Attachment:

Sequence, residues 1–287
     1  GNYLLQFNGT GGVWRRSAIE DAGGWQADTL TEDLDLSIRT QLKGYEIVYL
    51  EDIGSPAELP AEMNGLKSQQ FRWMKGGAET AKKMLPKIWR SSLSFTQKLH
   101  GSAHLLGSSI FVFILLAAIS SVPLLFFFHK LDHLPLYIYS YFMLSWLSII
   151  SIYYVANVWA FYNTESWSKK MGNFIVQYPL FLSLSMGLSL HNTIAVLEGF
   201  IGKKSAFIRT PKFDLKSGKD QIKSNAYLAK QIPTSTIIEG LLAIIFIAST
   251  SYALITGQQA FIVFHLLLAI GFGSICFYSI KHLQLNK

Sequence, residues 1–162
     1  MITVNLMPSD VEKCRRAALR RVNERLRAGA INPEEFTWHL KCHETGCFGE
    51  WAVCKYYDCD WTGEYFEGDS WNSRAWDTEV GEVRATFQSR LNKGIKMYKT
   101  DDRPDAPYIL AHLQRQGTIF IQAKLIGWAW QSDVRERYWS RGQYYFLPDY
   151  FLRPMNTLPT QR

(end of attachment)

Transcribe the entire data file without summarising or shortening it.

Sequence, residues 1–287
     1  GNYLLQFNGT GGVWRRSAIE DAGGWQADTL TEDLDLSIRT QLKGYEIVYL
    51  EDIGSPAELP AEMNGLKSQQ FRWMKGGAET AKKMLPKIWR SSLSFTQKLH
   101  GSAHLLGSSI FVFILLAAIS SVPLLFFFHK LDHLPLYIYS YFMLSWLSII
   151  SIYYVANVWA FYNTESWSKK MGNFIVQYPL FLSLSMGLSL HNTIAVLEGF
   201  IGKKSAFIRT PKFDLKSGKD QIKSNAYLAK QIPTSTIIEG LLAIIFIAST
   251  SYALITGQQA FIVFHLLLAI GFGSICFYSI KHLQLNK

Sequence, residues 1–162
     1  MITVNLMPSD VEKCRRAALR RVNERLRAGA INPEEFTWHL KCHETGCFGE
    51  WAVCKYYDCD WTGEYFEGDS WNSRAWDTEV GEVRATFQSR LNKGIKMYKT
   101  DDRPDAPYIL AHLQRQGTIF IQAKLIGWAW QSDVRERYWS RGQYYFLPDY
   151  FLRPMNTLPT QR